Did you know that in Canada, it is particularly difficult to prove that an individual is claiming insurance illegally? In fact, for many North American insurance companies, it is a challenge that they often face. Why? Well, the reason why it is so difficult to prove insurance fraud is that if the individual discovers they are under surveillance. This means that they can sue the insurance company for breaching their right to privacy.
The good news is, private investigators across Canada (especially those who work in Ontario and Quebec) are familiar with this kind of legal issue. It’s the reason why so many insurance companies contact a private investigator or private investigation company to help. They know that a licensed private investigator will have the tools, skills, and knowhow to conduct an insurance fraud investigation without breaking the law. They also know that insurance companies that don’t hire a private investigator often find themselves in more trouble than they bargained for.
But what exactly is insurance fraud? And what technique does a private investigator use to catch a suspect in the act?
What is Insurance Fraud?
Insurance fraud occurs when an individual (or individuals) makes a false claim on an insurance policy. This claim often requires the insurance company to provide a payment to the individual.
Here’s an example: let’s say that a woman has insured her engagement ring. She pretends to lose it and puts in a claim for her $10,000 insurance policy. This is insurance fraud. She lied about the loss of her ring to get at the money.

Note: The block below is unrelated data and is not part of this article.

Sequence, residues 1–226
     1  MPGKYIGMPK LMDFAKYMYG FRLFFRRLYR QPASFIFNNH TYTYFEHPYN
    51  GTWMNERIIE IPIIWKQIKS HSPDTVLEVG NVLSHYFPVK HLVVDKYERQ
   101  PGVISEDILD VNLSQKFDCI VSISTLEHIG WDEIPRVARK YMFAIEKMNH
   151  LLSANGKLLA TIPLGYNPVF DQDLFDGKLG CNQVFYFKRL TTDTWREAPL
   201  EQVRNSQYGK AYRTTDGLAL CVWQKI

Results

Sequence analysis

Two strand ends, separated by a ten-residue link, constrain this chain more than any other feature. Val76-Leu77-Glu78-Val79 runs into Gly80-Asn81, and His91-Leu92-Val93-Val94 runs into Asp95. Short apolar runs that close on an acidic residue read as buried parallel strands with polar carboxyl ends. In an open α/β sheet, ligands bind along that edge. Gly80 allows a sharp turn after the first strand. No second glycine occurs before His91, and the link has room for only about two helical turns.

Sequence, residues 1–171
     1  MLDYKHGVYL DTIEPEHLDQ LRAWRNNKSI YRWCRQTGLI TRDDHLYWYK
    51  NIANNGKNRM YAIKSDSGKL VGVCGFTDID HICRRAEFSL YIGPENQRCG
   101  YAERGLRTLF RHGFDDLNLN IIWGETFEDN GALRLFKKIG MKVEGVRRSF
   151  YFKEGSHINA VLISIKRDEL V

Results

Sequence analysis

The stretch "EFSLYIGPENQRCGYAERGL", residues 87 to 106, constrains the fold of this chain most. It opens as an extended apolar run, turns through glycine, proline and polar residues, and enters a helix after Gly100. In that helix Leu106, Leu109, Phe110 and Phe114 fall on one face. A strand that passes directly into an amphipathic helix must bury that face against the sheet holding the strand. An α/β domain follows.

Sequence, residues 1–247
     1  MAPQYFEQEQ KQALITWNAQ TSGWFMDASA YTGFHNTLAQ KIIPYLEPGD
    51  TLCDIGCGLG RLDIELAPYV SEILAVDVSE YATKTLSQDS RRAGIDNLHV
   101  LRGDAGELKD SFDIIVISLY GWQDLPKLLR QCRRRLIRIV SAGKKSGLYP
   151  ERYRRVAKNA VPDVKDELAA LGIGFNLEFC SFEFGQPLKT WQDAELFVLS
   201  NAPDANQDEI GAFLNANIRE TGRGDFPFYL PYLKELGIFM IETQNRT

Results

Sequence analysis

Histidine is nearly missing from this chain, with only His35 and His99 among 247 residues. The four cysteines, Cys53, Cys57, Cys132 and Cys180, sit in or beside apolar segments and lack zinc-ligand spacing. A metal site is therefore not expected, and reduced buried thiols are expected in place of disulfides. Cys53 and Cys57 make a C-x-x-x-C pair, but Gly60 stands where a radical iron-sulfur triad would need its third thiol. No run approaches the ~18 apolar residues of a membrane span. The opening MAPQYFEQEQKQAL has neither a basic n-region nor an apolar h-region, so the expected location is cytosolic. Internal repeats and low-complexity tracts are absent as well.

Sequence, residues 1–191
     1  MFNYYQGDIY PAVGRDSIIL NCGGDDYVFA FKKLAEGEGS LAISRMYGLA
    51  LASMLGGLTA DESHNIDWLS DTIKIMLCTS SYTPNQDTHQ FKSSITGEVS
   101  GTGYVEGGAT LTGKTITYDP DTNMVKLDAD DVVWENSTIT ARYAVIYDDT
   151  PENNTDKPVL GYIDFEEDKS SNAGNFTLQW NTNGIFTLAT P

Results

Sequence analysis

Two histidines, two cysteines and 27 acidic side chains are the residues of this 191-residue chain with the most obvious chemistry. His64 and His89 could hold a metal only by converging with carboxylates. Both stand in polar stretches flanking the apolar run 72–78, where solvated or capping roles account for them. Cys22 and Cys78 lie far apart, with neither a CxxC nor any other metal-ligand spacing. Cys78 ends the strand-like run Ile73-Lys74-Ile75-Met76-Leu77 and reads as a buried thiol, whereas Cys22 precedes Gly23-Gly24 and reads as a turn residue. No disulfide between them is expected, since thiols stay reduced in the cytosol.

While it might sound obvious to some, we can’t forget to mention that insurance fraud is illegal. Any individual suspected of exaggerating their claims could be subject to investigation. If the individual is found guilty of insurance fraud they face hefty fines and even jail time (up to 5 years!).
Types of Insurance Fraud
The term ‘insurance fraud’ covers a wide range of false claims an individual can make. In general, there are two major types: Soft Fraud and Hard Fraud.
Soft Fraud: In everyday life, people stretch the truth or exaggerate all the time. So, this type of insurance fraud occurs when an individual lies or exaggerates to maximize the return on their claim. It might seem harmless but doesn’t benefit anyone. In the long run, as it only increases the cost of insurance for everyone. Complete honesty on every insurance claim is critical to prevent the company from digging deeper into your case.